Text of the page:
Record fuel prices are the most visible increase in the rapid rise of the cost of living, and Clutha Budget Advisory Service co› ordinator Lee›Anne Michelle says her office is responding to record community demand.
On Monday, a litre of 91 octane petrol was $2.96.9 in Balclutha, up to $3.30.9 in Queenstown and had reached as high as $3.37.9 in Auckland.
Last week, Prime Minister Jacinda Ardern described changes in lending, pandemic effects on production and supply, and Russia’s attack on Ukraine in affecting global prices as ‘‘a perfect storm’’.
Fuel consumers at Balclutha pumps on Monday seemed well informed on the situation.
‘‘Russia tripled their price to recoup against the sanctions put on them,’’ tradesman Michael Graham said.
‘‘If the Government spends all their fuel tax on roading, they’re not spending much of it around here. Fuel goes up, the price of everything goes up, but only minimum wagers have had a pay rise,’’ contractor Fred Brogue said.
However, about 4pm on Monday the Government announced it would cut its tax on fuel by 25c a litre for the next three months – and slash public transport fares by half.
The change for petrol took effect at 11.59pm that day.
Fuel prices are central to freight transport companies, who will welcome the tax cut.
Those contacted by Clutha Leaderhad insisted on not being named as they indicated all they could do was pass the overall increase in cost on to customers, some of whom could not keep up, and one had described the state of business as ‘‘critical’’.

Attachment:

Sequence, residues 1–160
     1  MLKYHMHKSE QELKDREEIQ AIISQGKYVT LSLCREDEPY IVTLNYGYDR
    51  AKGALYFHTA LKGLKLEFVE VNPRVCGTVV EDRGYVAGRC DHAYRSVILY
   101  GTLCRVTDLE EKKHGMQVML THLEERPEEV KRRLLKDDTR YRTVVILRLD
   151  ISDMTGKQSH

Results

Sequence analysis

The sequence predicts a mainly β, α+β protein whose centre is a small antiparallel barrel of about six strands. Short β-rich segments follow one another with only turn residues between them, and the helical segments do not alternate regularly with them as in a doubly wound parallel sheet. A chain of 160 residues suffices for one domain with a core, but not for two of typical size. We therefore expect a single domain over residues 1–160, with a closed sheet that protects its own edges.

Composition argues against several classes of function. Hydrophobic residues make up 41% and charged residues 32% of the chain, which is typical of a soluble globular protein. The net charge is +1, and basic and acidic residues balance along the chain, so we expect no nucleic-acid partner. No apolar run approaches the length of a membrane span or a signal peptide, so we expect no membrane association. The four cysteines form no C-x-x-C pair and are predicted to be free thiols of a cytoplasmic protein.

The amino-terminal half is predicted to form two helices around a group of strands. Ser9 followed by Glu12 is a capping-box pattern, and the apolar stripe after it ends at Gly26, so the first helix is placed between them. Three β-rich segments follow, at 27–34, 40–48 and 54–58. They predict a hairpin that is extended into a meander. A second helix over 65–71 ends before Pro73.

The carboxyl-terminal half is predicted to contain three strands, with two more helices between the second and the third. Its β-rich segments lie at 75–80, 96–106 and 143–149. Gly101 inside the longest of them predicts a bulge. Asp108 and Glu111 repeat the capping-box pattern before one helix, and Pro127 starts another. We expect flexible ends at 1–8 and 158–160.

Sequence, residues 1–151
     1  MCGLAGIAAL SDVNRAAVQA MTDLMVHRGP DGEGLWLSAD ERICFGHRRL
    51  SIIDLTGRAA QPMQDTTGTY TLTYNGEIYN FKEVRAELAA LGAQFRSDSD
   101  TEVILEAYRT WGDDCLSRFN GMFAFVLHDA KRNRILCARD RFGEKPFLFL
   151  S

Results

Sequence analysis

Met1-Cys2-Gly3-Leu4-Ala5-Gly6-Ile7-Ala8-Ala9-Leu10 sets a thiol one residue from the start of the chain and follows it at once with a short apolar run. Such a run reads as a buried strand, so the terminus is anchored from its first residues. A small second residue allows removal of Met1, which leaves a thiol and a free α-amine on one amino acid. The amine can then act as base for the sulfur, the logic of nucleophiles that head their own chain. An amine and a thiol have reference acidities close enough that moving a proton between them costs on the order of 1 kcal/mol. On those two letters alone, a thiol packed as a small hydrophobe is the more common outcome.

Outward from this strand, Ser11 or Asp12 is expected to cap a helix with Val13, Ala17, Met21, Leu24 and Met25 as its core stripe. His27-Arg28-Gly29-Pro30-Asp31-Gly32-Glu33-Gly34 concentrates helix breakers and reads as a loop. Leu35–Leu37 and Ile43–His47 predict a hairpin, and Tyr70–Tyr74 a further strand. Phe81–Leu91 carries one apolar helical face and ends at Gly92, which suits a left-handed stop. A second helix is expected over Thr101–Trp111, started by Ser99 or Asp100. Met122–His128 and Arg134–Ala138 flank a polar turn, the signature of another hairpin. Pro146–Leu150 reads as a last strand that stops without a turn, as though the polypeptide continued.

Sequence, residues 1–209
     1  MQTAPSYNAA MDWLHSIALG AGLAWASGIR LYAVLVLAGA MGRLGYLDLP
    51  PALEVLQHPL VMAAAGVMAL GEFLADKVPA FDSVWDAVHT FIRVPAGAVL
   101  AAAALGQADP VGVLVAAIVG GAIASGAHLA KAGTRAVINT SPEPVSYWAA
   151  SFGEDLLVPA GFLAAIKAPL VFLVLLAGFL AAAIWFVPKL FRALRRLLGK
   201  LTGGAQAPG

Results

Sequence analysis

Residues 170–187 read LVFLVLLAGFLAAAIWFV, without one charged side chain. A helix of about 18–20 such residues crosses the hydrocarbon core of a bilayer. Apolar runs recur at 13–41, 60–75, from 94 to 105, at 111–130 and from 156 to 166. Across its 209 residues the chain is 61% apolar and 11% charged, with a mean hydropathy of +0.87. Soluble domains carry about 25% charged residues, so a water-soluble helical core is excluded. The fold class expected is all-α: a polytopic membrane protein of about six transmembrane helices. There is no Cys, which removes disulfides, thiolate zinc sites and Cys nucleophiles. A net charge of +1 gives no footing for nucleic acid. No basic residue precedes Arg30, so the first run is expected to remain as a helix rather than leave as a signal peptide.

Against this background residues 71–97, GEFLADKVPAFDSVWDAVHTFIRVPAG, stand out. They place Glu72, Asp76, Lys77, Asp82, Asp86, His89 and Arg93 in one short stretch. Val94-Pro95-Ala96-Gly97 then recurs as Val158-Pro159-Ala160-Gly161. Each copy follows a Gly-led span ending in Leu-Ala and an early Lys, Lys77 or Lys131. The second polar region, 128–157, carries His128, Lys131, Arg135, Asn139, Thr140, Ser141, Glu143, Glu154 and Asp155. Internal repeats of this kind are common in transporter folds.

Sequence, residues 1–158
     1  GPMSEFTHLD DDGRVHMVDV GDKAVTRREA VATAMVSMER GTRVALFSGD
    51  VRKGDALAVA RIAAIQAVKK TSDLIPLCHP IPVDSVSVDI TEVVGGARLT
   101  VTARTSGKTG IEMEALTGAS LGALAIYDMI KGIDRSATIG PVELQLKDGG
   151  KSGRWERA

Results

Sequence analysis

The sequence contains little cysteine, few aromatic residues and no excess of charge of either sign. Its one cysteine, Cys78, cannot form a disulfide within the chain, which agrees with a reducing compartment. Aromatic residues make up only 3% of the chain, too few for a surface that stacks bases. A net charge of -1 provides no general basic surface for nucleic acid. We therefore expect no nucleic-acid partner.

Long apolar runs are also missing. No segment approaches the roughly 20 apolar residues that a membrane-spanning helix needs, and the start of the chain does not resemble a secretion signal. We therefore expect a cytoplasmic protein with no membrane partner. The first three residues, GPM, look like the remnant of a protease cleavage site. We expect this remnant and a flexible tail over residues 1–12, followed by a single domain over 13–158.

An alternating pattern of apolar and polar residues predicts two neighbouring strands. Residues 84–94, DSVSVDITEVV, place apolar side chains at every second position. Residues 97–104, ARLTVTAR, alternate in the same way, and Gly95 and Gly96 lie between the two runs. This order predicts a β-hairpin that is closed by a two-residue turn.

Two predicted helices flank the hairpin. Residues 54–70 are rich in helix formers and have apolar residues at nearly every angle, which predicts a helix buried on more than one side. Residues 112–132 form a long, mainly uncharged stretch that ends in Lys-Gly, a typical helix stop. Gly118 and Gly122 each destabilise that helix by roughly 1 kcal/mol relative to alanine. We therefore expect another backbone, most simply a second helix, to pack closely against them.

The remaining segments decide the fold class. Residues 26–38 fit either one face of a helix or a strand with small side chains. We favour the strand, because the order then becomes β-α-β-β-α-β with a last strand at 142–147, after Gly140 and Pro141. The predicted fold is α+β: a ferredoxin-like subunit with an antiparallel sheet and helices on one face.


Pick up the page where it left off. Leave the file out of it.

The news will be a temporary relief for many but the travel discount will do little to alleviate the stark increase of mortgage rates and the steady climb of council rates.
Clutha Mayor Bryan Cadogan was aware of the situation.
‘‘We are seeing the highest inflation in a generation. One update showed stormwater projects ballooning from $600,000 to over $1,600,000 which shows the rigour that will be required to meet expectations on levels of service.
‘‘For a decade, CDC has delivered the largest core infrastructure upgrades while remaining under our self› imposed rate cap, and we need to maintain this.
‘‘Population growth gives us greater resilience, but staff and supply shortages coupled with inflation place challenges on this time of growth and delivery of projects.
‘‘Councils have a moral responsibility to align costs with ratepayers’ ability to pay, and the challenge is to balance this with ever›increasing expectations.
‘‘We appreciate input. To truly influence rates, everyone needs to engage in the annual plan process,’’ he said. Inflation is at 5.9% with basic produce having the highest increases, and electricity providers signalling rises.
Ms Michelle said she was working with the real›world effects.
‘‘We are busy and expect to get busier. Benefits increases aren’t keeping up with rents, mortgages, food and fuel. South Otago already pays 36% more than the national average for power and 40% of consumers are about to be hit by the scrapping of low›user rates.
‘‘We’re regularly approached by families who are hundreds of dollars in arrears and we are worried about how people will cope this winter.
‘‘We’ve had a massive increase of people coming in for KiwiHarvest food. One day we gave out 40 food parcels to feed over 200 people.’’
She encouraged everyone to think and act seriously about facing up to economic challenges.
‘‘Shop online for the best power rates and set up Smoothpay. Menu›plan and shop smarter with food in season, grow vegetables at home, utilise the Community Garden.
‘‘Pay your rates along with your income. Save petrol by ride› sharing and planning essential trips,’’ Ms Michelle said.